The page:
Intro - Introduction to Geology February 11, 2008 PICK UP...

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Introduction to Geology February 11, 2008 PICK UP ELVIS PACK I. Can’t see clearly through quartz crystal. II. For Wednesday: Extrusion Lava Λ Λ l l Intrusion Magma February 13, 2008 I. Igneous Processes a. Extrusion- lava b. Intrusion- magma II. Volcanoes a. The shields shapes, the slopes, and the explosiveness of the eruptions i. Lava like water, just pours out ii. Pyroclastic debris -ash, cinders, all the junk blown out b. Three forms of shields- i. Shield : low slope angles (mostly lava) 1. formed by Hawaiian eruptions, not very explosive a. ii. Composite cones : intermediate slope angles, “classic volcano”, are alter national of lava and Pyroclostic debris 1. Strombolian eruptions, alternate explosive and non- explosive 2. iii. Cinder : high slope angle, mostly pyroclastic debris, generally in a houser-shoe shape,not full circular 1. Plaean , all explosive
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2. c. Types of Eruptions- i. Strombolian - characterized by huge clots of molten lava bursting from the summit crater to form luminous arcs through the sky. Collecting on the flanks of the cone, lava clots combine to stream down the slopes in fiery rivulets. The explosions are driven by bursts of gas slugs that rise faster than surrounding magma. 1. ii. Peléan - a large amount of gas, dust, ash, and lava fragments are blown out of a central crater, fall back, and form avalanches that move down slope at speeds as great as 100 miles per hour. Such eruptive activity can cause great destruction and loss of life if it occurs in populated areas 1. iii. Hawiian - fissure-type eruptions, lava spurts from a fissure on the volcano's rift zone and feeds lava streams that flow down slope. In central-vent eruptions, a fountain of lava spurts to a height of several hundred feet or more. Such lava may collect in old pit craters to form lava lakes, or form cones, or feed radiating flows. 1. d. Two lava types:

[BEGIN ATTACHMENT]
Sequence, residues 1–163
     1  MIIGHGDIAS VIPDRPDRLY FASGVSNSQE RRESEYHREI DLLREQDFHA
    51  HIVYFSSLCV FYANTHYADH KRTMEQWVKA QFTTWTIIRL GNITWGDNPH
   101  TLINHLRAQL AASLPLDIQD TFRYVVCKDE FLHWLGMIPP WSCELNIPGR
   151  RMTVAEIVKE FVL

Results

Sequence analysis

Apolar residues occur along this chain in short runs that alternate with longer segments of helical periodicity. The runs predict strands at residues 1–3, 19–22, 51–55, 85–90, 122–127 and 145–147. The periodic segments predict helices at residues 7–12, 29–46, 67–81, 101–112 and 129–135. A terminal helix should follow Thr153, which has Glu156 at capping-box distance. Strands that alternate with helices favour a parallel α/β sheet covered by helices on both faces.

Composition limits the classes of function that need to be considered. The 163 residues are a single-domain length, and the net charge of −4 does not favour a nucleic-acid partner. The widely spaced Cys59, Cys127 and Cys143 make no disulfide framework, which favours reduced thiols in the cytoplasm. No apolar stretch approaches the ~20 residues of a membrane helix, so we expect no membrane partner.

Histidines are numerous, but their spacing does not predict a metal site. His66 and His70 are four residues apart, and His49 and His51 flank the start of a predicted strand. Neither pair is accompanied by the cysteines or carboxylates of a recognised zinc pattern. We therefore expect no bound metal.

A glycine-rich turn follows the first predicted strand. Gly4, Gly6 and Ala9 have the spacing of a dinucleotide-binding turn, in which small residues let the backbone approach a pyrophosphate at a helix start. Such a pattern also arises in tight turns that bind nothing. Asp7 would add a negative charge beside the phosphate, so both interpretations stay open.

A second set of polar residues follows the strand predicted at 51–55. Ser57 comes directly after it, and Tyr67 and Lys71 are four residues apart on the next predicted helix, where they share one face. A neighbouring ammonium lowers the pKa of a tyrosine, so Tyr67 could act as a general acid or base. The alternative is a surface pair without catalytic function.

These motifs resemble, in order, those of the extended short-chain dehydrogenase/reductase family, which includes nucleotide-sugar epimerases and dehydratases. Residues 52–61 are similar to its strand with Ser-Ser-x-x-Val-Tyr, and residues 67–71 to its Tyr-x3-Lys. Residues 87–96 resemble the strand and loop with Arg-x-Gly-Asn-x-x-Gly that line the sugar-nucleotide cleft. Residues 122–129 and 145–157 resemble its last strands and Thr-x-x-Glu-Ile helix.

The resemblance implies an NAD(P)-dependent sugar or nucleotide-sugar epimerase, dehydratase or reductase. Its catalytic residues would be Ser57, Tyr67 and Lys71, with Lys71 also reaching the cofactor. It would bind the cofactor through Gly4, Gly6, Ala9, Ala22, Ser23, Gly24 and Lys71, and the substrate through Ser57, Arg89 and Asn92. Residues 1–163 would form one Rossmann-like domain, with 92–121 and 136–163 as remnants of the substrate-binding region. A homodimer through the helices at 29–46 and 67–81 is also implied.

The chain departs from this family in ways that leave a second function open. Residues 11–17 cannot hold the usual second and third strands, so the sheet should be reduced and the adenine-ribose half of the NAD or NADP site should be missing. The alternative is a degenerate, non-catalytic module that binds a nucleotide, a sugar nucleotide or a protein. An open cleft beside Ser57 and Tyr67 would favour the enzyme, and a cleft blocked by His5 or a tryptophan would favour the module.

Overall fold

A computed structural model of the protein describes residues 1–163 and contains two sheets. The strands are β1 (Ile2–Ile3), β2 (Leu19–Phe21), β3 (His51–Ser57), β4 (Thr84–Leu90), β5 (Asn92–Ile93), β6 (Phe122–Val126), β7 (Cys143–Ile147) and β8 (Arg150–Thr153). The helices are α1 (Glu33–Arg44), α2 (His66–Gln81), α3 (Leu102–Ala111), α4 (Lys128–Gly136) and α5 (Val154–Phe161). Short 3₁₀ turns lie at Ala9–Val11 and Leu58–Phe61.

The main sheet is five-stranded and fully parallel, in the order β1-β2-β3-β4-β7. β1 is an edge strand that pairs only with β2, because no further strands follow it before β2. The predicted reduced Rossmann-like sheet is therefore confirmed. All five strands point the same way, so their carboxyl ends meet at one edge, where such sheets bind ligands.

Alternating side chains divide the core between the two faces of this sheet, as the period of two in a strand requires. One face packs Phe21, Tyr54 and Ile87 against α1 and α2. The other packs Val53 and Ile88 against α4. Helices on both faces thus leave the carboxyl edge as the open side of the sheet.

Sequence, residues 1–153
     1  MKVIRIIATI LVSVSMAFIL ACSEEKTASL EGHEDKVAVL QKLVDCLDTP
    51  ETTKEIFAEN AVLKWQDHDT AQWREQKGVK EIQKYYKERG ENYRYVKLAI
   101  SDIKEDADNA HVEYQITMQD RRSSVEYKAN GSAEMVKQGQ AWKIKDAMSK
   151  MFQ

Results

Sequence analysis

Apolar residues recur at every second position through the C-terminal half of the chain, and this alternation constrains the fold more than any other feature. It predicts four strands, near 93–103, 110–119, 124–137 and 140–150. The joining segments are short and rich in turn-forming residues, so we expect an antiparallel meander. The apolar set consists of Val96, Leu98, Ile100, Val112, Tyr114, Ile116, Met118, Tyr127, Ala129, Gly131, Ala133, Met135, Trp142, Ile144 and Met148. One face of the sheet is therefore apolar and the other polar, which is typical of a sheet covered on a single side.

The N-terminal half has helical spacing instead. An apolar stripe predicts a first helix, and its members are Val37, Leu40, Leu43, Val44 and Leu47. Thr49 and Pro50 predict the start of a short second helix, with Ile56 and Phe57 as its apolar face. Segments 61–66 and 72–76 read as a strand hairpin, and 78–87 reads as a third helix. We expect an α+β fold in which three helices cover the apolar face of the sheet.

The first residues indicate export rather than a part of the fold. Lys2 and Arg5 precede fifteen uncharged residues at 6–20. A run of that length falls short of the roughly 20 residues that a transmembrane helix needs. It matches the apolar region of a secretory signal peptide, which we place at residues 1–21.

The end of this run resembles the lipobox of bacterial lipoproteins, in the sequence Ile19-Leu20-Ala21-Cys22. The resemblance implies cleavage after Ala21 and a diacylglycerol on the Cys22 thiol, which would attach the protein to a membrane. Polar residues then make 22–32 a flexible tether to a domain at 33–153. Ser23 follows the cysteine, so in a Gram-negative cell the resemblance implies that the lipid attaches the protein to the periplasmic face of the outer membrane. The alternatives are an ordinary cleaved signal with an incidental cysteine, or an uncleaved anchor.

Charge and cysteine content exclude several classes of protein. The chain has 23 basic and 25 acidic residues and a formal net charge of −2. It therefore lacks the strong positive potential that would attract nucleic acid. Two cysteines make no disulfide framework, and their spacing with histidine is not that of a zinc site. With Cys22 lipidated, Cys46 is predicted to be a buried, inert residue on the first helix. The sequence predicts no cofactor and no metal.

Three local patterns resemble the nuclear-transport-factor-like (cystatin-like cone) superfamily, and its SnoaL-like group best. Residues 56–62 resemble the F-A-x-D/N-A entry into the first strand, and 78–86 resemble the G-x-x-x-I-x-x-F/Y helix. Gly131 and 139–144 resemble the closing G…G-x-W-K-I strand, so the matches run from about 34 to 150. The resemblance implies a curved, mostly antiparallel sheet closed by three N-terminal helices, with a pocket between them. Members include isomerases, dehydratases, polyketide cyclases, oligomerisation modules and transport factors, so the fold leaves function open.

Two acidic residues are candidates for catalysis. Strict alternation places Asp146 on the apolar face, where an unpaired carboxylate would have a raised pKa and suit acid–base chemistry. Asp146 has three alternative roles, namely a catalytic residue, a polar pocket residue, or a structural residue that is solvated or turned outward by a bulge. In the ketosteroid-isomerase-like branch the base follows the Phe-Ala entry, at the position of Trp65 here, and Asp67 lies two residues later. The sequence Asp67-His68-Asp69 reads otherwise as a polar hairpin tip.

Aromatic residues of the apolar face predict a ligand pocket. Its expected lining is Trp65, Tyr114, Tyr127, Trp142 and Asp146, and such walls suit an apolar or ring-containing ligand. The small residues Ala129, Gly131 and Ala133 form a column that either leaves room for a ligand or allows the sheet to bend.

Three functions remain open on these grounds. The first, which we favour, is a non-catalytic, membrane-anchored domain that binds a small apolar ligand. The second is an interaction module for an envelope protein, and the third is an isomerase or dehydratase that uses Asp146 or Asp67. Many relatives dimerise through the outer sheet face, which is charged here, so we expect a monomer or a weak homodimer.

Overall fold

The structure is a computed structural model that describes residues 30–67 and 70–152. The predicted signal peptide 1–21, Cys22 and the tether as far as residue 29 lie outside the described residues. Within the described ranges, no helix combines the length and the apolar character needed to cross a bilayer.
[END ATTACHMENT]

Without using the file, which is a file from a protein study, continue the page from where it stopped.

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i. ‘A’a- stony with rough lava, moves very slow 1. ii. Pahoehoe- smooth, unbroken lava; moves very quickly, hotter than ‘A’a 1. e. Intrusions: f. Zenolith i. Always have a higher temperature and higher pressure. February 20, 2008 Weathering and Erosion- institu passive I. Weathering a. Mechanical- reducing the size, but not changing the composition, except by segregation (reduction in size but no comp change) b. Chemical- change composition, usually accompanied by change in size c. All BRS minerals chemically weather to clay as a size and comp except quartz i. Shale is made of clay size grains, is most common b/c 95% of what is available can become clay (dirt) ii. Sandstone is 2 nd most common iii. Limestone is 3 rd most common d. Things that promote weathering i. Cracks e. Hoodoo- “balanced rock” Concordant Discordant Tabular Sill Dike Massive Cacocilil Batholith
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i. f.
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This note was uploaded on 04/07/2008 for the course GEOL 1113 taught by Professor Manger during the Fall '07 term at Arkansas.

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Intro - Introduction to Geology February 11, 2008 PICK UP...

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